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5 tips for using PubPeer to investigate scientific research errors and misconduct

by Denise-Marie Ordway, The Journalist’s Resource

PubPeer, a website where researchers critique one another’s work, has played a key role in helping journalists uncover scientific misconduct in several prominent investigative stories in recent years — including the student newspaper series that led to Stanford University President Marc Tessier-Lavigne’s recent resignation.

The platform was created 10 years ago to encourage discussion of individual academic studies and “accelerate the correction of science,” cofounder Boris Barbour, a neuroscience researcher in France, told The Journalist’s Resource. Conversations generally center on papers that already have been peer reviewed and published in academic journals. When a discussion of a paper begins, PubPeer automatically invites an author to respond, sometimes spurring lengthy, detailed exchanges.

Comments are public, allowing journalists to observe part of the scientific process and collect information that could become the basis of an important news story. The vast majority of comments, however, are made anonymously, allowing scholars to raise questions and concerns without risking retaliation, Barbour noted.

“Although all forms of scientific discussion are welcome on PubPeer, the site has become known as the channel by which an astonishing volume of research misconduct has come to light,” he wrote in an email.

Last year, Stanford student journalist Theo Baker discovered allegations of altered images in Tessier-Lavigne’s research on PubPeer and began to investigate. Had journalists checked the website earlier, they would have found criticisms dating back to at least 2015, Baker writes in a July 30 essay for The New York Times.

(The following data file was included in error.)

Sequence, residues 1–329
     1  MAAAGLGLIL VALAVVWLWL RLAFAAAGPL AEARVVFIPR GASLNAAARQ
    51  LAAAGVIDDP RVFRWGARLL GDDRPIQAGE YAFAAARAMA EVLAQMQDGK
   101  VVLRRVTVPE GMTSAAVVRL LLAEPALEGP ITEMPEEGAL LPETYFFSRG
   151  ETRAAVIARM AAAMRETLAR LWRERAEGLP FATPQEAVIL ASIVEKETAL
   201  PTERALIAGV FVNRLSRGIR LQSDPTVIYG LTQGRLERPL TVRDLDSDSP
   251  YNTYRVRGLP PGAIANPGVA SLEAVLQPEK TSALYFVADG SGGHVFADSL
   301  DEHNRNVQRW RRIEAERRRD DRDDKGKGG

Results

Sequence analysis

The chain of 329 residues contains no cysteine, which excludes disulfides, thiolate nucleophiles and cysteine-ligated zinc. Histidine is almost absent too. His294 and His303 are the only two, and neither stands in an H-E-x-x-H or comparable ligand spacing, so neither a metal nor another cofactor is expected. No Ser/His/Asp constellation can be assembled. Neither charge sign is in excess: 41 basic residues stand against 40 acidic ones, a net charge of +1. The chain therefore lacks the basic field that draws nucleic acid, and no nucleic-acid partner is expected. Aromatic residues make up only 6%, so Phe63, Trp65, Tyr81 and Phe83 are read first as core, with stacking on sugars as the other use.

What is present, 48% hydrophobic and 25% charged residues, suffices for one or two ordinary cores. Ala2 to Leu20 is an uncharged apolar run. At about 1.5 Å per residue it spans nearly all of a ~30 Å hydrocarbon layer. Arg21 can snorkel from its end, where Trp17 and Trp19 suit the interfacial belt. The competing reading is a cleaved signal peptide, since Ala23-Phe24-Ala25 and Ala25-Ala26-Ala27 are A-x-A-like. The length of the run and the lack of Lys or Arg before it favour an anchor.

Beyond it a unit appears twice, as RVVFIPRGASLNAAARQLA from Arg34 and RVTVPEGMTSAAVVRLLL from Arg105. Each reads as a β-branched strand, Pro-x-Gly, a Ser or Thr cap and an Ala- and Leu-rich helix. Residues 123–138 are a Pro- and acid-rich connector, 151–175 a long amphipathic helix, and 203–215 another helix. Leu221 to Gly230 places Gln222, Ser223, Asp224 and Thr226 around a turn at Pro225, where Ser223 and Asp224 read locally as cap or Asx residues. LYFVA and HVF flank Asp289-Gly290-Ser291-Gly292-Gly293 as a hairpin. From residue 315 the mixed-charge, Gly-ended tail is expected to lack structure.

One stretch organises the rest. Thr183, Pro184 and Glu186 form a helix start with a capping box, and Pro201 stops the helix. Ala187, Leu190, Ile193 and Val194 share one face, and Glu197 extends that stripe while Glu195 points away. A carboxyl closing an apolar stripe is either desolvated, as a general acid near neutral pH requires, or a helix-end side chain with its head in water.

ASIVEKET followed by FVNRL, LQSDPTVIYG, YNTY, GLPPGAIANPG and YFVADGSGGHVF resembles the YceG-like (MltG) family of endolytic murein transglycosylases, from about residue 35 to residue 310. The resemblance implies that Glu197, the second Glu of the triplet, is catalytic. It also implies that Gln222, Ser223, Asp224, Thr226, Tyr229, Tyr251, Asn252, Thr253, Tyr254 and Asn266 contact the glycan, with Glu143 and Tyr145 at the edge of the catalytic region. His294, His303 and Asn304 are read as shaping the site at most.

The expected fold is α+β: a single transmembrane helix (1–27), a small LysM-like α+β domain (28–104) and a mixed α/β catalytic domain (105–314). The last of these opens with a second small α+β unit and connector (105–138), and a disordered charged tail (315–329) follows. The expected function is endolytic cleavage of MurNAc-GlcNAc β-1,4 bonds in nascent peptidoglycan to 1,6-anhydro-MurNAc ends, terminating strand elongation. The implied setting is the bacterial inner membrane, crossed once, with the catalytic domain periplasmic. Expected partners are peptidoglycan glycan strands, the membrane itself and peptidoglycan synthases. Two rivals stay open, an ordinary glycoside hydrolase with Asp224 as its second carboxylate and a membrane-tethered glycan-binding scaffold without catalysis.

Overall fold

“Reporters did not pick up on the allegations, and [academic] journals did not correct the scientific record,” he writes. “Questions that should have been asked, weren’t.”

While PubPeer is an excellent reporting tool for journalists across beats, it’s crucial they use the information they find there responsibly. For example, don’t assume a comment is accurate or a calculation is correct because it came from an academic. Likewise, don’t shrug off serious accusations because the people making them don’t use their real names.

The platform is relatively easy to navigate. On the homepage, you’ll find a list of discussions organized according to their most recent comment.  You can search the PubPeer database using an author’s name, key words, a paper’s title or a paper’s unique numerical identifier, such as a Digital Object Identifier, or DOI.

This tip sheet aims to help journalists make the most of the website. We created the five tips listed below based on advice several journalists familiar with PubPeer shared with us during phone and email interviews.

Keep reading to learn more from Julia Belluz, a former senior health correspondent at Vox who’s working on a book about nutrition and obesity; Stephanie M. Lee, a senior reporter at The Chronicle of Higher Education who covers research and the academic community; and Charles Piller, an investigative journalist for Science magazine and founding board member of the Center for Public Integrity.

1. Install the PubPeer browser extension.

PubPeer offers browser extensions for the four major web browsers. Once installed, the extension will alert you if PubPeer comments exist for any research paper you’re reading online.

There’s also a PubPeer plugin for Zotero, a web tool some journalists use to organize and share research. The plugin lets you see whether there are PubPeer comments on any of the papers saved in your Zotero collection.

2. Don’t publish a news story simply to point out people have made negative comments about a research study.

The fact that an individual study has drawn a certain number of probing comments on PubPeer is not, on its own, newsworthy, Lee says. She uses PubPeer as a barometer of sorts, a quick way to get a cursory read on the credibility of certain researchers and studies.

“Basically, when I start looking into a group of scientists or a scientist whose work I’m interested in for whatever reason, PubPeer is the first place I’ll go to see if questions have been raised,” says Lee, who received the 2022 Victor Cohn Prize for Excellence in Medical Science Reporting for her investigative reporting about scientific misconduct.